You Don’t Just Have To Ride It Out

You Don’t Just Have To Ride It Out

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You Don’t Just Have to Ride It Out – 3 Tools for Reaching Your Child While In a Sensory Meltdown

I’ve been troubled lately by a few articles and blog posts I’ve read on “Riding Out the Sensory Meltdown.”  The general idea of these posts is that there is nothing we can do for a child in a Sensory Meltdown other than be there for them and waiting for it to end.  Now granted, being there counts for a lot, and I commend every parent who is there for their child through a Sensory Meltdown.  In those moments our children no longer have control of themselves and need any and all comfort and help we have to give them.  I’ve learned over the past 4 years that there’s a lot more I can do for my daughter than just be there, and these three tools have helped tremendously in reducing the frequency and duration of meltdowns.

A Sensory Meltdown is a form of panic, a form of purely instinctual, animal brain response to something the system has registered as a life or death threat.   Fight or flight.  And so, we need to reach the instinct, the nervous system, to calm a child in this state.

Tool 1:  Take a Deep Breath!
If you can, catch your child before the meltdown hits with full force.  Interrupt their emotional trajectory with a strong but gentle “Take a Deep Breath!” And then do it yourself, audibly so they can hear, with your hands on your stomach so they can see and feel you fill your stomach with air, and then let it out slowly by either blowing it out (like blowing bubbles) or sighing it out saying “Ahhhhhhhh.”  If you’re not able to get to them before they’ve “checked out” into non responsiveness you can still do this breathing yourself to model it, even if they don’t participate.  It will help keep you calm, which in turn helps keep them calm.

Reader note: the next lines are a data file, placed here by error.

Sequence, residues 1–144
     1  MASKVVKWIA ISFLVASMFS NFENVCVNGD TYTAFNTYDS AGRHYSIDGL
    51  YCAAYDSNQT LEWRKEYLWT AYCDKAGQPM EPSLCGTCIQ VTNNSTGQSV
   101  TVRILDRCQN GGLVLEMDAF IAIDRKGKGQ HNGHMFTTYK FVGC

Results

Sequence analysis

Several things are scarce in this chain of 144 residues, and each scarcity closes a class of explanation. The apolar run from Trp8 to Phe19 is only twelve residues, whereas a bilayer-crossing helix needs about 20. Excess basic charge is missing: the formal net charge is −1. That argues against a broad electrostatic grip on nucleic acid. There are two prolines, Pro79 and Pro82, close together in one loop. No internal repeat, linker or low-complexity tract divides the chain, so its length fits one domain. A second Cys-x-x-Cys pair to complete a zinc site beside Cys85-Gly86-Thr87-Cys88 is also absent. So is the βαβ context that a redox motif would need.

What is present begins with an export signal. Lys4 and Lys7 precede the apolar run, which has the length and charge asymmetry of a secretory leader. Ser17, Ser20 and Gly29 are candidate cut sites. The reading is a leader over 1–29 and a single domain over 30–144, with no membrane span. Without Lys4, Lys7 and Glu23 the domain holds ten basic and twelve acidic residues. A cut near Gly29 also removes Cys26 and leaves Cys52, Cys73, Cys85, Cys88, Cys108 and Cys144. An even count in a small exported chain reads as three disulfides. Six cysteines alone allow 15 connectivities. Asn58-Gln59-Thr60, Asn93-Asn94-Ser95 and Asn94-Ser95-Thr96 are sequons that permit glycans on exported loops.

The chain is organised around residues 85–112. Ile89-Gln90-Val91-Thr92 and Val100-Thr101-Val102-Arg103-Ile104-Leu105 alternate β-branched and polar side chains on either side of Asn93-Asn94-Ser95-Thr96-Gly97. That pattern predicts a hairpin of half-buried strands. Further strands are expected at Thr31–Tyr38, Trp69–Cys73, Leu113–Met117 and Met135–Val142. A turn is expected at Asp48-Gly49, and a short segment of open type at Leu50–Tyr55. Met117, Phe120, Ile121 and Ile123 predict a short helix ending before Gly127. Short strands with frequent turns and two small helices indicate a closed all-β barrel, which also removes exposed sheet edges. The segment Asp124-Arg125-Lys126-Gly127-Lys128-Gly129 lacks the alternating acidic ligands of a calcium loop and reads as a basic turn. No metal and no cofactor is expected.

How this works:  Deep breathing allows more oxygen to travel to the brain, and activates the parasympathetic nervous system which helps the body to calm down.

Tool 2:  Look Around You!
If you can, help draw your child’s attention to something up high (above their eyeline) and then gradually all around. Some times I’ll shout or whisper excitedly “Look!” And point.   A painting, the moon, a light, a fly, a bug, anything to get them to move their eyes around.   Once you’ve got their attention keep drawing their eyes to new things at a measured pace (not too fast) or ask them to help you visually find something.  If they become calm enough begin a game of “I spy.”

How this works:  The ocular nerve has an impact on the hypothalamus which is responsible for triggering the fight or flight response.  Moving the eyes to look all around helps a child’s nervous system to register there is no immediate life or death threat and helps their brains conceptualize that they are safe.

Tool 3: Rhythm
We are fundamentally beings of rhythm.   Our heart beat is our life rhythm.  Rhythm helps to sooth us.   We find rhythm in physical movement, sound, vibration, or other sensation (use trial and error to discover what is most soothing for your child). Rocking back and forth, bouncing, drumming, tapping, listening to your heart beat on your chest, feeling your chest rise and fall with your deep breaths, poetry, a rhyme, a chant, a song, a story, a visual pattern.  Once our family was on a long road trip and our sensory kid started to loose it (she couldn’t take being in her car seat a second longer!).   I turned on the “Llama Llama Red Pajama” audio book by Anna Dudney, and our daughter immediately went quiet and listened to the rhythmic story…   “llama llama red pajama…” I’ve used this several times since with lots of success.

How it works:  Our bodies, including our brain and nervous system specialize in rhythm.  It is programmed into who we are and it can have very soothing effects on our bodies and minds.


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